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THE EVENING TELEGRAM, LAKELAND, FLA., THURSDAY, JULY 17,, IMS.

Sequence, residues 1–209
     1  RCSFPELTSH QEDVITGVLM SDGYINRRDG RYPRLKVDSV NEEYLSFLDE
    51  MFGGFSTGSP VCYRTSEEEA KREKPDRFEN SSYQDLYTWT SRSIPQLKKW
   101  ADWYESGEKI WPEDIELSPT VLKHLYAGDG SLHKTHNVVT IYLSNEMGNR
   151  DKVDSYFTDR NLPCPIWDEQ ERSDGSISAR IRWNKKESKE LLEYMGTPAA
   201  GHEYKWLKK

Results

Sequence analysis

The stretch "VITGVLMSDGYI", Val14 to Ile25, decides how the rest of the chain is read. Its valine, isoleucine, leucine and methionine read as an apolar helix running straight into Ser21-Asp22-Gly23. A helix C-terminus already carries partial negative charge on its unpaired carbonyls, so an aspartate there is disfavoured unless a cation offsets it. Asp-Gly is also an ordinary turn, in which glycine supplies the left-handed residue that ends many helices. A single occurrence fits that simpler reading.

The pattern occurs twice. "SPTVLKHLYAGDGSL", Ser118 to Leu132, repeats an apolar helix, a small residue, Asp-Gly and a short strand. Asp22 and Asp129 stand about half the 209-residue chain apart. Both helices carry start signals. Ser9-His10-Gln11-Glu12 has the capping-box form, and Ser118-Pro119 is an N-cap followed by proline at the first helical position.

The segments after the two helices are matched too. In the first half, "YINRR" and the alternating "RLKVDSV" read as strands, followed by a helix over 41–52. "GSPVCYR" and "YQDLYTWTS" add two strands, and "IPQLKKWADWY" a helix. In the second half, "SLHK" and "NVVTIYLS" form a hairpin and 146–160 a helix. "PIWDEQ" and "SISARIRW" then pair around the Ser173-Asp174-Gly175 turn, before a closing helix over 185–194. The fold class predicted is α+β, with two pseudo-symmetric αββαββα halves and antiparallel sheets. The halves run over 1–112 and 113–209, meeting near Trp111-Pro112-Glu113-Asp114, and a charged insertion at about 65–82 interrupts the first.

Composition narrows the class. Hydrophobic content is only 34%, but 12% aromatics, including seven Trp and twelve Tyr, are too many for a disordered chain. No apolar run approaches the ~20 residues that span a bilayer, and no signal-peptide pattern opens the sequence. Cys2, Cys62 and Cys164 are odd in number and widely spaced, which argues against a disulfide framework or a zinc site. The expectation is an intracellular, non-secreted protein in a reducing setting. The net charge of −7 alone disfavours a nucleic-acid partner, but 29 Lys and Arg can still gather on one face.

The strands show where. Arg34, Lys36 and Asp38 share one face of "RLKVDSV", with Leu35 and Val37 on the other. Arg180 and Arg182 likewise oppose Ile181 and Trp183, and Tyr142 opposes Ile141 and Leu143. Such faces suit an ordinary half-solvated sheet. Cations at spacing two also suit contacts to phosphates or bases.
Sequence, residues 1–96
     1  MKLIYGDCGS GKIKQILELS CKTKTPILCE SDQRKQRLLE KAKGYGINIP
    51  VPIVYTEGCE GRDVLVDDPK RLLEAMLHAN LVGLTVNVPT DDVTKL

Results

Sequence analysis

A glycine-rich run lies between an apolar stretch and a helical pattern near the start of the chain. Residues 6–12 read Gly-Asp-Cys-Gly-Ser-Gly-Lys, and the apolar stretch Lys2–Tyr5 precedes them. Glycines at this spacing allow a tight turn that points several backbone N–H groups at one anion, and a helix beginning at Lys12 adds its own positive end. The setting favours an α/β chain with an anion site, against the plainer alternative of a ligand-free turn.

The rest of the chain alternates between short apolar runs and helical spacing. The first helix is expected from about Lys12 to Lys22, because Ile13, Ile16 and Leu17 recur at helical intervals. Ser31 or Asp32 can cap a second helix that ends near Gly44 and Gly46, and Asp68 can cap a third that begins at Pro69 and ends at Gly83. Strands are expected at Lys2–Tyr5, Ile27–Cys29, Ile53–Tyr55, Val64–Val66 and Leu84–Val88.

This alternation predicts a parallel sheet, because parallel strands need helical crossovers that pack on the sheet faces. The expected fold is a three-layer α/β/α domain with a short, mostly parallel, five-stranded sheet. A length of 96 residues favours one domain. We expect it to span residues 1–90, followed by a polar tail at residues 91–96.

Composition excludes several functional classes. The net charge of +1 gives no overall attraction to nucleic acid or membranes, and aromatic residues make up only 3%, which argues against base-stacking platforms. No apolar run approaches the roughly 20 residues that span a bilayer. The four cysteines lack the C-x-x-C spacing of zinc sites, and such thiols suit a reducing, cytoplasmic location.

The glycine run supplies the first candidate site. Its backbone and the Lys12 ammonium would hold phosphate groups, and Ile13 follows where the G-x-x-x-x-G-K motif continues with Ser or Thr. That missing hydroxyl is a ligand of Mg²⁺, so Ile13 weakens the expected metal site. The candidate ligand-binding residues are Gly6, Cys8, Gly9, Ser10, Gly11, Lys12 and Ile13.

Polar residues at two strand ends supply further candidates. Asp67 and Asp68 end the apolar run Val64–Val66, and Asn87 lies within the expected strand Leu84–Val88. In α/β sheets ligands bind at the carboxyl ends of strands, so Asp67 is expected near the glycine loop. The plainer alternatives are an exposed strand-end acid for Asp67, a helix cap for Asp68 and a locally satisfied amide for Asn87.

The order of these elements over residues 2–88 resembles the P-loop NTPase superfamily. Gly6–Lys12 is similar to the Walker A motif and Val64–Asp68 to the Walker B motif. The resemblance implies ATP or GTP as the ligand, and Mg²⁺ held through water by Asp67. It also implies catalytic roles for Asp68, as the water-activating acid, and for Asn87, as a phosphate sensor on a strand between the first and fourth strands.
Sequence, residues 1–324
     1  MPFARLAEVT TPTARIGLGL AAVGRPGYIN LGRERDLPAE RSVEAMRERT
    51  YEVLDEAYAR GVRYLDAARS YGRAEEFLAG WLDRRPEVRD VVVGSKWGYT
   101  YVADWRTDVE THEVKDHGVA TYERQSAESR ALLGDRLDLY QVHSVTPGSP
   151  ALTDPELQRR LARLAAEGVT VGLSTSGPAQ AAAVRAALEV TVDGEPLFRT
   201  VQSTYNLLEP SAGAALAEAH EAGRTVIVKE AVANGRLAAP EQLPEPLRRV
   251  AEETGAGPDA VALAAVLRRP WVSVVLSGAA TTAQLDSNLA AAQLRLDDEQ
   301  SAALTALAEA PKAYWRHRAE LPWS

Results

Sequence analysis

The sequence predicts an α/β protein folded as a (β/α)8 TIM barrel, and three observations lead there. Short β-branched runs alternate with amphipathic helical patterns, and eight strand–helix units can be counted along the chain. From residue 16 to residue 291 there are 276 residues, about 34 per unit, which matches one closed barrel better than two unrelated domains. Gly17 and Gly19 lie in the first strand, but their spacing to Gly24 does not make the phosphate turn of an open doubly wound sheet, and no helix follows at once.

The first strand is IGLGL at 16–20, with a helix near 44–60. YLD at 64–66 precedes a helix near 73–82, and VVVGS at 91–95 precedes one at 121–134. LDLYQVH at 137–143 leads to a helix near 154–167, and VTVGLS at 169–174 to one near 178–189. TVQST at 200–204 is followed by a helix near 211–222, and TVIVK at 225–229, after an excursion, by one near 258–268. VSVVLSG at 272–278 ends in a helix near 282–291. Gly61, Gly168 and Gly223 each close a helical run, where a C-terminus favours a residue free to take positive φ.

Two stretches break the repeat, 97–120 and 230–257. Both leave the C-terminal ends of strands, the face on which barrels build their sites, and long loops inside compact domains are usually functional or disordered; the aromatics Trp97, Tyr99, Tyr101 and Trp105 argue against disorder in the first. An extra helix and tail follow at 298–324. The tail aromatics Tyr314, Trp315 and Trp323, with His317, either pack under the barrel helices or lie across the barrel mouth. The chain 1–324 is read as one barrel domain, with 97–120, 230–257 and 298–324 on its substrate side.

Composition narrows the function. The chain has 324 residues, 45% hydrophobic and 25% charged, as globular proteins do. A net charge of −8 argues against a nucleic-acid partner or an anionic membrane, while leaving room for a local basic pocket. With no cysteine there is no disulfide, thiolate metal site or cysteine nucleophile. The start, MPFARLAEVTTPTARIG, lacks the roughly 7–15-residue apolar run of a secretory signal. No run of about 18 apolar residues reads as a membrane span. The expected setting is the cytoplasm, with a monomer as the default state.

PAGE FIVE Lakeland Laconics Corporal Cbas. Glover, who re cently returned from France, and waa given bis honorable discharge at Camp Jackson, reached home yester day to the pleasure of his many friends. The friends of Mr. andMrs. J. E. jjims, of West Lemon street, will be grieved to learn of the death of their infant daughter, Grace, born yester day. . Mr. G. B. Murrell has purchased a handsome new Buick six car for the enjoyment of his family, the machine being delivered today. Mr. Will D. Smith has returned from a visit to the Carolinas, and ha? accepted a position with the grocery of Garris & Helms. Mrs. R. B. Rushing, of Kathleen, had the misfortune to break his arm this morning, while cranking his car. His friends trust the injured arm will soon heal. Cept. and Mrs. W. C. Norvell re turned last night from a delightful three weeks' trip, which included various States of the North and East and also Canada. They had a most enjoyable time. Mr. Geo. E. Hoffman, wife and at tractive young daughter, have ar rived in the city from Jacksonville, and will make Lakeland their future home, being comfortably domiciled at '503 South Florida avenue. Mr. Hoff man is the new manager of the Au ditorium which he will open as a picture house at an early date. C. E. Potts reached home last night from overseas, to the delight of his family and friends and also him self. He Is being given a most cor dial welcome by his large circle of friends. The many Lakeland friends of Mrs. Louis Tenney will deeply sympathize with her in the death of her mother, Mrs. Addie Tilghman, which oc curred on the 13th at her home in Jacksonville. Mrs. Tilghman died while she slept, having retired the night before in apparently good health. JIr,T; W," Cnrad left yesterday Id S " N' - Where ah S , 8Ummer enjoyln& the de lightful mountain air and scenery. from": : B' GIVer has retu"d Tom a pleasant two weeks' visit with relatives in Georgia. The Men's Booster Club will not meet tonight at the Christian church as pevriously announced. Date of the meeting will be announced later. Miss Margaret Powell and Miss Vivian Jernigan, of Arcadia, are visit ing their uncle, Mr. C. G. Arendell, and other relatives. Miss Fannie Blankenship left today on the noon train for Huntington, W. Va., where she will visit relatives un til Thanksgiving or probably later. Turner Brooks reached Lakeland last night from France, where he went with Company D last June a year ago. Turner saw active service at the battlefront. He is more than glad to be, at home" again. For the benefit of the public we are printing today the full text of the compulsory school law, which was passed by the last legislature. The law affects nearly every household, hence it is of vital interest to all, and it should be given a careful perusal. , Lieutenant Thomas Conrad left yes terday for Fort Warren, Boston, Mass., where he goes to resume his duties in the regular army. Lieut. Conrad's many friends were pleased to make his stay most pleasant while in the city, during which time he was the guest of his sister, Mrs. Wallace Riggins. - Mr. W. D. Gracy, after a month's visit with relatives in Tennessee, where he enjoyed the fat of the land, returned home yesterday afternoon, and has resumed his duties in the post office. Mrs. Gracy and children will remain for several weeks yet in Tennessee. W. W. Edwards was fined $5 in po lice court this morning for speeding on the streets of Lakeland between the hours of 2 and 3 o'clock Wednes day morning, at the time the four fire boxes were pulled. He was rear rested charged with pulling the ffre alarms, and this' trial will be held tomorrow morning. Roy Austin was also held tomorrow for trial on the same charge.' Edwards plead guilty to speeding,. but denied that ho pulled the boxes. Although in Lakeland only two days, Messrs. V. B. Carter and H. B. Turner, of Huntington, W. V., were so pleased with the town that they purchased a new home yester day, buying the property of Mr. E. L. Cook in Dixieland, in which they are already ensconced. Mr. Cook expects to build an attractive bungalow on some property he holds closer ln town. Until their new home is com pleted, Mr. and Mrs. Cook will be with their daughter, Mrs. A. J. Trueblood, at her home on East Or ange street. Last evening two hearts were made to beat as jne when Rev. Chas. Trout spoke the words which united Lieut. Roy Camblin, of Carlstrom Field, and Miss Nolia Wise, of Rich land Springs, Texas, the wedding taking place at the home of Rev. Trout.' Lieut. Camblin is from Lomeka, Texas, and the bride came to Lakeland yesterday from her Tex as home, being joined here by the groom. Following the ceremony the happy couple left for Arcadia, where the groom is stationed. FOR RENT 2 or 3 rooms for light housekeeping. Apply 105 South Virginia Ave. ' 9377 In Society Miscellaneous Shower For Miss Hazel McMallen Miss Hazel McMullen was the love ly honoree at a miscellaneous shower given in her honor yesterday after noon by Mrs. Erma Lawler and Miss Frieda oRgers at the home of Mrs. and Mrs. W. p. Norvell. The rooms were prettily decorated in pink roses and ferns, the color scheme of pink and green being very attractively carried out. As the guests arrived they were served de licious fruit punch on the porch by Misses Helen Murdaugh, Helen Sneed and Elizabeth Love. They were greeted in the reception room by the hostesses and the honoree. During the afternoon brilliant piano num bers were given by Misses Mildred Youngs and Lucille Clough. A large basket, tied wSth green maline, and filled with many beautifvu1 gifts, was brought into the reception room by Miss Frieda Rogers and placed before Miss McMullen, who opened each package to the enjoyment of herself and all present. The honoree has a dainty bride's book, in which the guests inscribed their names, as a valued souvenir of the occasion. Delicious refreshments of ice cream and cake were served later in the afternoon. Those enjoying this pleas ant affair were Misses Hazel McMul len, Gladys Wilson, Emily Battle, An nie Cargill Mayes, Genevieve Duggan. Mildred Youngs, Mildred Hampton. Eflie Dick, Virginia Lufsey, Marguer ite Joyner, Lula Clower, Mary Weav er. Nell Booth, Helen Murdaugh, Ruby Turner, Mrs. C. E. McMullen. Mrs. Joe Wilder Mrs. A. W. Cor nelison, Mrs. J. S. Thomson, Mrs. E. B. Adams, and Mrs. L. M. Futch. MyrfJe Street Church Auxiliary The Ladies Auxiliary of Myrtle street met at the church Wednesday afternoon for a business meeting. They decided not to hold any more meetings until September because a cumber of the members are leaving town for their summer vacations. Each member is requested to keep dues paid up by sending them to the treasurer, Mrs. 0. J. Pope. REPORTER. ROTARIANS Special meeting at Elks' Club at 8 p. m.fjuly 18. Don't fail to attend. ENTERTAINMENT COMMITTEE. LOST Scarf pin, set with red,vhite and blue stone. $10 reward if re turned to Loyal Hotel. 9378 LOST Gold watch, Hamilton, 21 Jewel. Reward if returned to Geo. Pate, 208 W. Magnolia. 9379 FOR SALE 5-room bungalow, mod ern conveniences; lot 100x135 feet set to roses and shrubs. Phone 234 Green or see Miss May Tomllnson. 1380 I LEAVE YOUR FANS S? A W 1T TYPHOON FANS DO THE WORK FOR RENT 12-room house, modern conveniences, 2 blocks of station. Apply to Henley's Drug Store 9376 COOLED IN A MODERN WAY IT'S DELIGHTFUL HOME OF HIGH CLASS PHOTOPLAYS Today PARAMOUNT PICTURE COMPANY PRESENTS Marguerite Clark IN- Little Miss Hoover 5 ACTS ALSO Fatty Arbuckle IN "The Sheriff .J,-tv?jr w,.-: - J2 ACTS " , v v SEE ARBUCKLE AS A "TWO GUNjJAN ADMISSION ONLY 10 AND 20 CENTS. OPEN 7 P. M. Tomorrow .Fox Film Corporation Presents Gladys Brockwell IN The Divorce Trap ALSO Pearl White .IN The Lightning Raider ADMISSION AND 20 CJENtS Open 7:00 P. M. Promptly SATURDAY The First National Presents "CTmATVSIDE:" Featuring Charles Chaplin l ADMISSION 10 AND 20 CENTS HARTZELL'S ORCHESTRA DAILY Open 1:00 P. M. On Saturday ADMISSION a NEW COUNTY A6ENT, GOMME. TO BE AT Fi CLUB ' The farmers of the Lakeland sec tion will be interested to know that they will have the opportunity at tho meeting of the Farmers' Club on Sat urday of this week to meet and hear from the newly appointed county agricultural agent, Mr. William Gomme, who has recently taken up the work in Polk county. Those who know of Gomme and his splendid wdrk and ability, as demonstrated during the past ten or twelve years, congratulated Polk county and the Carmers, growers and stockmen on their good fortune in being able to have a man of such splendid ability and there ought to be a good turn out at the meeting. Mr. Gomme states that he is In Polk county for service and will gladly respond to calls made upon himaat any time with every possible promptness, but the farmers, growers and others interested should come out to ttie meeeting and get acquainted with him, because he is a practical man and knows what he is talking about and why. The meeting will occur at the home of Mr. Geo. C. Fidler, on Pat terson street, a couple of blocks west of South Flo;ida avenue, at noon on Saturday. ATTENTION, B0I SCOUTS Troops No." 1, 2, 3 will meet this evening at 8:30, in the Presbyterian church, all Scouts are urged to be present. The last chance to obtain your certificates for the new year's enrollment. So bring your quarter. The Scout Master will leave for New York this evening for a confer ence at the National Headquarters of the Boy Scouts of America, and It Is his wish that he obtains the enroll ment asked in this writing. T. STANLEY FILBERT. Scout Master. RENALD A. JULIAN. Scribe. A SENSIBLE VIEW OF THE STRIKE SITUATION We reprint from the Baptist Re porter, the little paper published as the organ of the First Baptist church of. this city, the following, which, we believe, reflects the attitude of the conservative and thinking people of this community: " Let us hope and pray that the present phosphate srike that has created so much strife in our county will speedily be brought to a close for the best interest of all concerned. The pastor of this church has taken no sides in the strike. He has not made a thorough investigation with out which he could not express him self intelligently. We believe in or ganized labor. We believe the pro fessional men, merchants, farmers, fruit growers and cattlemen can con tribute to the efficiency of their bus iness by organizing for their Improve ment and protection. But we are not In sympathy with any of them when they violate the law. This is. a free country and every man is en tlcd to his rights. When any insti tution takes the law in its own hands, and this applies to labor and capital dike, as well as all these organiza tions, It forfeits its right to the fav or and support of the public. .We ex pect to preach a sermon In the hear future on "When the Strife Between Labor and Capital Will Cease." The Scripture speaks on these things and it is the preacher's business to turn the light of Scripture on all the prob lems of life. Whenever the Scr.'pture speaks, he can and should speak re gardless of who it may hurt or help. LATTICED P0TAT0E3 A simple and delicious way of ; preparing potatoes Is to run the pared raw potatoes through a Veg. etable Slicer and then fry them In a frying basket In a deep, hot fat until a light brown buiscuit color. Sprinkle with salt and serve either individually or as a meat garnish. ( MME. RAINBOW. VEGETABLE SLICER One of the handy little culinary devices which will help you In the better preparation of vegetables. No kitchen can be considered complete without these new Slicers. Also frying baskets. Warner Hardware Company 4 "Make Warner's Corner Your Conner" NATAL HAT FARMS o 0 One of the safest and most profit able investments in Florida is a Natal Hay farm. Natal Hay Is the ideal hay for Florida conditions; it Is a staple crop, not subject to Insects and diseases and in great demand. Natal Hay contains 25 per cent more pro tein than timothy hay; it can stand drought and quite a severe frost and re-seeding itself will come right up in the spring and produce from one, two and three cuttings per year. All farms are operated as ono on large scale under co-operative manage ment. Your income, from a Natal Hay farm is immedia'.a. The Asso ciation does all the work for you. We have a market for all the hay we can produce at a high price. Hay is the second most staple farm product grown in the United States. 0 nly a few 40-acre farmi left at tho $4,000 price. Buy yours now. Call or write for illustrated descriptive booklet. E. J. KAUFMANN, Resident Mnnoger, FLORIDA NATAL HAY ASSOCIA TION. Phone 428. Evening Telegram Bldg., Lakeland, Fla. 9357 According to the Miami Metropolis a contract is about to be let by E. B. Douglass for the construction of a modern, fireproof concrete buildlug, four stories high, adjoining the Doug las store building on Thirteenth street, to be used entirely as an ad junct to the store. The addition to the Douglas store is occasioned by excellent business and progress ai'd it is stated that the cot of this pro posed improvement will be above 525,000. Jacksonville Times-Union COMPULSORY SCHOOL ATTENDANCE This is to give notice to the public that at the next meeting of the Coun ty School Board, selection of county attendance officer will be considered. There are several competent appli cations for the position. I have a number of copies cf this act for distribution and any one de Eiring a copy of same can have it for the asking. If there is any part or parts of this law that aro not un derstood by any school natrons of the county, write me and I will explain it to the fullest detail. This is part of my duties as county superintendent and I assure the public that any and all information will be cheerfully given. Respectfully, . JOHN A. MOORE, Supt. of Schools. The Dade City Banner says that dairy farms are increasing (u and around Dade City and it is pleased to tell of the new company, that has been formed by J. E. McCarthy. J. W. Hancock and W. M. Hetherington, to start a dairy farm on the north bank of Lake Iola. "These men have' re cently bought a 'fine dairy herd and will begin delivering milk right away.' The place will be known as the Lake Iola dairy farm. Another farm has been established by Bellamy & Bauk r.lght, in the Darby neighborhood, and this is also enrolled as a member of the dairy association. As the Ban ner says, "the development of the dairy Industry around Dade City is progressing rapidly and is of great importance to the city and contribut ing territory." Jacksonville Times-Union. London, July 17. The British Board of Trade will give its official recognition to and will be officially represented at the World Cotton Con ference in New Orleans next October, says the American Chamber of Com hierce in London. A commission representing the World Conference already had secured the promise of a large delegation from Lancashire, to bo headed by Sir Herbert Dixon, chairman of the Fine Cotton 1?pln ners' Association and chairman et th CotJtonf,Cqntrol .. Board in En during the' Var. y But it is not his place to meddle and to line up with this or that faction. He should speak where moral prin ciples are Involved, but he should not take part in factional strife." A 22,000-Word Novel Complete in Pictorial Review for August Who Killed Abner Bane? And where was the packet of letters he was carrying? That was the mystery that baffled all Denver. Only one man knew who killed Abner Bane, and he couldn't tell. A woman's honor depended on his silence. He knew the dreadful secret held by the letters Bane had stolen. And Bane knew that he knew. Read this "most thrilling mys tery novel, the best we have ever published "The Packet of Letters" - . By WILL PAYNE You can begin this 22,000-word novel and finUh it in on day PICTORIAL REVIEW FOR AUGUST SUPERIOR Pressing Club ROY MclNTYRE, Prop. WORK CALLED FOR AND DELIVERED 'Phone No. 349 y y ? t ? ? ? y ? ? Y ? y Y Y Y T ? Y Y Y y y ? ? y y ? ? y If NOT ENTIRELY SATISFIED ELSEWHERE TRY Gottlieb FOR FINE t X Y ? ? X Y 2 ? I PHOTOS AND PORTRAITS STUDIO Raymondo Building "Babies Quick at a Wink" i